So that’s how far he’s come by now, I thought. Matthew has been the subject of conversation here in Dubois: our very own homeless guy for a brief while. Not settling down here. Passing through.
Someone spotted him first out east in Crowheart, laboring forward with his overloaded shopping cart. Then he was found sleeping in the town park, and later seen shopping in the Family Dollar, loading his cart with food.
Back in New York City, overdressed homeless folks with shopping carts are a common sight, and one usually avoided rather than watched. Here people offered help, and rides, which Matthew refused. As I too found, he doesn’t want to say much and doesn’t accept offers of help.
Like everyone else, as he said he was headed up the pass I worried about exposure, and about bears. That shopping cart loaded with food is surely bear bait.
“I’ll be all right,” he said. “I know what to do.”
“Oh, yes!” he said brightly. Quite a different fellow indeed.
“Are you hiking the Continental Divide trail?” I asked. He nodded, and then asked how far it was to town and whether he would find cellphone signal there.
This is the second man I’ve met in as many weeks passing through town for a break from the Continental Divide trail. It’s a good place for respite: You can sleep overnight in the Episcopal church (but please behave yourself), and there are showers for a dollar at the laundromat.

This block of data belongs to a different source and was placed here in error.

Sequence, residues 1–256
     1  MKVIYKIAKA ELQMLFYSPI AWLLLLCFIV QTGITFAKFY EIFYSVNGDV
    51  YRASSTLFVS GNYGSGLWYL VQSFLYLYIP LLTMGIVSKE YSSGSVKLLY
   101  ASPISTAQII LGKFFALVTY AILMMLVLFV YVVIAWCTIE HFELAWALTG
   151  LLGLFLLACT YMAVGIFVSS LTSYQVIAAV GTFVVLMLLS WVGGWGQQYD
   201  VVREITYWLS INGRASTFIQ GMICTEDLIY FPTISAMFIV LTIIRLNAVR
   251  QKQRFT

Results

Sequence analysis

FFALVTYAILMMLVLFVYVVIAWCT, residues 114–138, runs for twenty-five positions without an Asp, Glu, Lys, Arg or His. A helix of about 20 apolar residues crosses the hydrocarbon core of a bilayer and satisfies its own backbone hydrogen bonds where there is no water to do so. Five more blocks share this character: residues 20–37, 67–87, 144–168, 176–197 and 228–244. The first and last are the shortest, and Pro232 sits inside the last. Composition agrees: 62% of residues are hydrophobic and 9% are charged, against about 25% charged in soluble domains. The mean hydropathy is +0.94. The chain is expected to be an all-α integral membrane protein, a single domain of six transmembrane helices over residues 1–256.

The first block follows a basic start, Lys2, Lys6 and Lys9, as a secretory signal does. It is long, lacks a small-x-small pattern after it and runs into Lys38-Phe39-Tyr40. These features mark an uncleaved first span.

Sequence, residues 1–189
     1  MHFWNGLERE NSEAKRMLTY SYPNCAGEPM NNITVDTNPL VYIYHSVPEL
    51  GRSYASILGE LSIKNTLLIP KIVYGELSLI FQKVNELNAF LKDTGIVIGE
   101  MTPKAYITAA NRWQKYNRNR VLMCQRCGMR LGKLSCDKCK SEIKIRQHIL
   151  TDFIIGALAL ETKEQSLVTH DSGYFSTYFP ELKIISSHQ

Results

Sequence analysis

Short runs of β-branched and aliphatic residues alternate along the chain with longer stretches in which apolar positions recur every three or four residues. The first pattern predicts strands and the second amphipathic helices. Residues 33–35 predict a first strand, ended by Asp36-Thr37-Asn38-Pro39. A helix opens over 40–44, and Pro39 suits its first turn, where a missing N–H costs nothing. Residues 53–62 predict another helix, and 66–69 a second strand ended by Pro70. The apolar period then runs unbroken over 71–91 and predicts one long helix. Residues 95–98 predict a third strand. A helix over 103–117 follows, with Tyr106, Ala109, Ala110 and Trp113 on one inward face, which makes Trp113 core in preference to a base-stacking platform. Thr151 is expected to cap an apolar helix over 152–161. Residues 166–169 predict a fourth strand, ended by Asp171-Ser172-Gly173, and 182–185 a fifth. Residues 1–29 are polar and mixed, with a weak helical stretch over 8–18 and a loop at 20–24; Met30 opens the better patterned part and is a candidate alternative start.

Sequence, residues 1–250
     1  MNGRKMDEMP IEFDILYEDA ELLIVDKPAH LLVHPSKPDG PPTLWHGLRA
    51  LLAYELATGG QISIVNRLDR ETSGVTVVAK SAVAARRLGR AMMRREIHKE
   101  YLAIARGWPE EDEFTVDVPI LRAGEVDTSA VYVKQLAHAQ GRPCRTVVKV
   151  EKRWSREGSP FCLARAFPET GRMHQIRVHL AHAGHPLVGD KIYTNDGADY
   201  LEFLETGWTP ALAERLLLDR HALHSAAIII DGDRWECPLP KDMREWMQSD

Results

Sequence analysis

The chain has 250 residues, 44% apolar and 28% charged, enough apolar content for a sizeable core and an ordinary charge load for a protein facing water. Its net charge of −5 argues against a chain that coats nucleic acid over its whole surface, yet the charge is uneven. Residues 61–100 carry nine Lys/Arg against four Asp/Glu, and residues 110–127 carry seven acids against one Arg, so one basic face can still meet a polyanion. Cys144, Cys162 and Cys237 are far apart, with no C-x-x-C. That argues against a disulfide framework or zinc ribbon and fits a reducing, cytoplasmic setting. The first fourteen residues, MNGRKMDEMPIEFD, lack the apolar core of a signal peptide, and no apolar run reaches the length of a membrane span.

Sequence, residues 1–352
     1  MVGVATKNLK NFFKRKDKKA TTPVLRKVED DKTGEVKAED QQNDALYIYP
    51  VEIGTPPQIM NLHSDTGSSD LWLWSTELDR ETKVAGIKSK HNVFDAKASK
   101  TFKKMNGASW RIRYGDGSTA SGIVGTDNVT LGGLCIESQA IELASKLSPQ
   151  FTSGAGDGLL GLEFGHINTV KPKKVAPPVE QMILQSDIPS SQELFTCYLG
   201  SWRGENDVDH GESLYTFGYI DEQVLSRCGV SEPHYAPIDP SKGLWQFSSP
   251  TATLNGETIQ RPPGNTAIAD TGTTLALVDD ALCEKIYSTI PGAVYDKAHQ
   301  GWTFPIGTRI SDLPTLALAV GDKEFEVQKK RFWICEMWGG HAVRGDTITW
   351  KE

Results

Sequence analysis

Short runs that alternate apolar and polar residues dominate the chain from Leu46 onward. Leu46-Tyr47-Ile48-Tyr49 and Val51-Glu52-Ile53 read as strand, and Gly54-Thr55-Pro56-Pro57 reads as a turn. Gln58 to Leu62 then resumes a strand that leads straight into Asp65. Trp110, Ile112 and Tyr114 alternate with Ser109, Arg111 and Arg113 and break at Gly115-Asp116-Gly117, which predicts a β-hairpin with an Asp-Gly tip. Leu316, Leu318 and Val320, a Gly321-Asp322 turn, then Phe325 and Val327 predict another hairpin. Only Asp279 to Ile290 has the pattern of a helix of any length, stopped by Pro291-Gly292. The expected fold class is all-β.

Dubois feels about as far from Syria or Greece as you can get, but we do see some refugees of a sort. We are decidedly remote here. Perhaps exactly for that reason, we have migrants passing through now and again–people walking alone, on their way somewhere, or nowhere, perhaps in search of themselves as much as any particular place.
What drives these lone men to travel the highway on foot and sleep outdoors in the wilderness? Not exactly political persecution, I hope, or fear of brutality. Who knows what demons they are escaping and what refuge they seek?
Here we don’t want to intrude or probe, and won’t press anyone to accept help if refused. We wish them well on their way, and maybe worry (or pray) for a while.
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© Lois Wingerson 2015